Berkowitz began her enquiry by speaking with members of the Museum community, consulting academic and religious texts in the Makor Library and exploring the shelves of local delicatessens and supermarkets. She has found spices and grains new to her, but more importantly she has found new meanings associated with familiar substances such as salt and eggs. She has found the interconnectedness of belief and ritual. She has harvested and dried pomegranate seeds as might an Israelite woman before her. Berkowitz has contemplated the essential role of women in the traditional Jewish home, a role highly praised in King Solomon's Proverb, the Woman of Worth, a passage which enumerates the astonishing range of women's responsibilities and which is still recited on Shabbat: Who can find a woman of worth, for her price is far above rubies. (Proverbs 31:10-31)

But a word of warning. This is neither an anthropological nor a discursive exercise. While her research is informed by scholarly material, the outcome is governed by a different, poetic logic. Berkowitz is making art. You are invited to experience the aesthetic pleasures of form and natural colour and to become attuned to their various textures. Note the effect of light as it passes through materials of differing viscosity: honey, oil and saltwater; and the particular capacity of surfaces to reflect light, such as the sparkle of roughly crushed rock salt, the lustre of brown and white egg shell or the dull texture of almond skin and poppy seed. She brings to light-wlth all its Holy implications-foods that stand in for historical, political and spiritual events. And note the aroma of cinnamon, cloves and olive oil. Smell too is important.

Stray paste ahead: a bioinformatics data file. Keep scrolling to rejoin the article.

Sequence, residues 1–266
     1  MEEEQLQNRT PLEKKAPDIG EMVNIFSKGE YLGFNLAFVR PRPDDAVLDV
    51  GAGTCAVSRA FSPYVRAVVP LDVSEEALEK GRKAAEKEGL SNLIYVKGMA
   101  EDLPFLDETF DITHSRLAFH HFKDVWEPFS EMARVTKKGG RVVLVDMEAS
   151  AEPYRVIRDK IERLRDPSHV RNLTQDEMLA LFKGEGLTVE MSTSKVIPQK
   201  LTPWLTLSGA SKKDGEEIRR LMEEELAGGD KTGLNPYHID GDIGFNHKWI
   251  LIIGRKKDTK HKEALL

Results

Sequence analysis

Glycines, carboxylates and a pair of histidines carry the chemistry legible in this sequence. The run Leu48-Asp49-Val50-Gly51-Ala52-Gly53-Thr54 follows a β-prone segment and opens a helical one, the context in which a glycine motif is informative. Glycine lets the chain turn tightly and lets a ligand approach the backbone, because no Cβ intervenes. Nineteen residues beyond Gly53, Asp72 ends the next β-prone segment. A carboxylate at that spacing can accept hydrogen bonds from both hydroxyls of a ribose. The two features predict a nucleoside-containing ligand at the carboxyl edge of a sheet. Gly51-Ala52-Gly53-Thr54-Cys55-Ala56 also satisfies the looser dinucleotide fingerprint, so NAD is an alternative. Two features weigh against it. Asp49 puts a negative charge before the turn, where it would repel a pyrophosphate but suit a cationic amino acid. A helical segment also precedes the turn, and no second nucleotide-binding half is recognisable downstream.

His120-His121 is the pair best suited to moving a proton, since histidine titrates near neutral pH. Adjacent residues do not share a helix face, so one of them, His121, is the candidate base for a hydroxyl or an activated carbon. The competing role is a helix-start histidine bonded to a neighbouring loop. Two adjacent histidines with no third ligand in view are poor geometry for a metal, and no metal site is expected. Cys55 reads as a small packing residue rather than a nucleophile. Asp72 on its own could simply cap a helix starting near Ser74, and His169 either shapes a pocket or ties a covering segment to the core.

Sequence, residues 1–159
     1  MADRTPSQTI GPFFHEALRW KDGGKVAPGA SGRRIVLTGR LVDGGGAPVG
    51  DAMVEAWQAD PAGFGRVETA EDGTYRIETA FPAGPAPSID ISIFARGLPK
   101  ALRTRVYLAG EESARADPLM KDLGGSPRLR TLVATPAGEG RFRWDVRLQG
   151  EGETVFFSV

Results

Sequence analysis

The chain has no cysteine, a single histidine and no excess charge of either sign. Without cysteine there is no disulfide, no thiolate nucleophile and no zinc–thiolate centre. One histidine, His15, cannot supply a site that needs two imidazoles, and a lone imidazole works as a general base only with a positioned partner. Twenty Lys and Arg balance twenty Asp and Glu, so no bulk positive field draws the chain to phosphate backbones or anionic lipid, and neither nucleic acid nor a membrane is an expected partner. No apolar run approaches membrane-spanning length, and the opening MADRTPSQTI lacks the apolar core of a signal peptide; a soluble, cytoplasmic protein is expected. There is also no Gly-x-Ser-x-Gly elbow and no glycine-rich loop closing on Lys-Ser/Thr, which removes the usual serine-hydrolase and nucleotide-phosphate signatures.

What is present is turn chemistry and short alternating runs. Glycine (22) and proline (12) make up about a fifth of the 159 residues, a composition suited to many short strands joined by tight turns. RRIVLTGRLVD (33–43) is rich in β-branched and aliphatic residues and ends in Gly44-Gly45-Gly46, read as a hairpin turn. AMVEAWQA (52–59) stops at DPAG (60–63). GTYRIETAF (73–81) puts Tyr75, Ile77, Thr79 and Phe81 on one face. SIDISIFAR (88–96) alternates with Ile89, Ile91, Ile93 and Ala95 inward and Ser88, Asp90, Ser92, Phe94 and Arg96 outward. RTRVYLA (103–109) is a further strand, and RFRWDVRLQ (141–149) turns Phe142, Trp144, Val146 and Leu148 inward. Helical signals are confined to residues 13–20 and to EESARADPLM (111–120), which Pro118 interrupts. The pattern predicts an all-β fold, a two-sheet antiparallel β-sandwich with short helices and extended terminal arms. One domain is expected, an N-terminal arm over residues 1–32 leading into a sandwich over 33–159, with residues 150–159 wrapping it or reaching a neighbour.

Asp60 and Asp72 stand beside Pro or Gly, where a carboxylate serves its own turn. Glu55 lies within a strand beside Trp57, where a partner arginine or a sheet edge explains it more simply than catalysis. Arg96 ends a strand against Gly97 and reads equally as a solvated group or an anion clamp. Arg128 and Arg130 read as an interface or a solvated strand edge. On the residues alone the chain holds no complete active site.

Jewish ritual in the home is particularly attuned to such simple, sensual and aesthetic pleasures, often deriving from ancient rituals such as the burning of spices for protection against evil spirits, the use of olive oil for light, anointing and purification. Most poignant is Havdalah, the ceremony to farewell the Sabbath, separating it from the coming week. Traditionally, a decorative silver vessel containing ground nutmeg, cloves and cinnamon is believed to propel the pleasure of the Sabbath into the working week through its sweet smell; and a glass of wine is poured until it overflows so the blessings of the Sabbath might overflow into the forthcoming days until the next Shabbat.

Indeed, to partake in God's bounty is a mitzvah: 'every man should eat and drink, and enjoy the good of all his labour, it is the gift of God'. (Ecclesiastes 3:3-13)